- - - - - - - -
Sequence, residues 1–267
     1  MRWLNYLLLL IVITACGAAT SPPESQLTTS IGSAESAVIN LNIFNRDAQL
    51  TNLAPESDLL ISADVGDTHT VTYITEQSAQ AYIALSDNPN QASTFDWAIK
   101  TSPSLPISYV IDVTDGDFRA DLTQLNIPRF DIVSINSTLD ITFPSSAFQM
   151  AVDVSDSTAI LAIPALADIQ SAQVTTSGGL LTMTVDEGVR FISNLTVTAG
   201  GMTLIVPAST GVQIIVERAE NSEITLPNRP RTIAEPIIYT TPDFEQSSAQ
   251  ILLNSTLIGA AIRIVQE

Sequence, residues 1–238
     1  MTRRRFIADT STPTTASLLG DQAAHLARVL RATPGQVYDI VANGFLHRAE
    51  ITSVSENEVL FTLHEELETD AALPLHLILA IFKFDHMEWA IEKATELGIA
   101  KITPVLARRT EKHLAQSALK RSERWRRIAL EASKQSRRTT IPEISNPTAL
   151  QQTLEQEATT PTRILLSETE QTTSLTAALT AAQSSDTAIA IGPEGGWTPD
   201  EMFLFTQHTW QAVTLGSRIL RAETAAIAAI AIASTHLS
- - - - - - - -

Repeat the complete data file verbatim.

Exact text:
Sequence, residues 1–267
     1  MRWLNYLLLL IVITACGAAT SPPESQLTTS IGSAESAVIN LNIFNRDAQL
    51  TNLAPESDLL ISADVGDTHT VTYITEQSAQ AYIALSDNPN QASTFDWAIK
   101  TSPSLPISYV IDVTDGDFRA DLTQLNIPRF DIVSINSTLD ITFPSSAFQM
   151  AVDVSDSTAI LAIPALADIQ SAQVTTSGGL LTMTVDEGVR FISNLTVTAG
   201  GMTLIVPAST GVQIIVERAE NSEITLPNRP RTIAEPIIYT TPDFEQSSAQ
   251  ILLNSTLIGA AIRIVQE

Sequence, residues 1–238
     1  MTRRRFIADT STPTTASLLG DQAAHLARVL RATPGQVYDI VANGFLHRAE
    51  ITSVSENEVL FTLHEELETD AALPLHLILA IFKFDHMEWA IEKATELGIA
   101  KITPVLARRT EKHLAQSALK RSERWRRIAL EASKQSRRTT IPEISNPTAL
   151  QQTLEQEATT PTRILLSETE QTTSLTAALT AAQSSDTAIA IGPEGGWTPD
   201  EMFLFTQHTW QAVTLGSRIL RAETAAIAAI AIASTHLS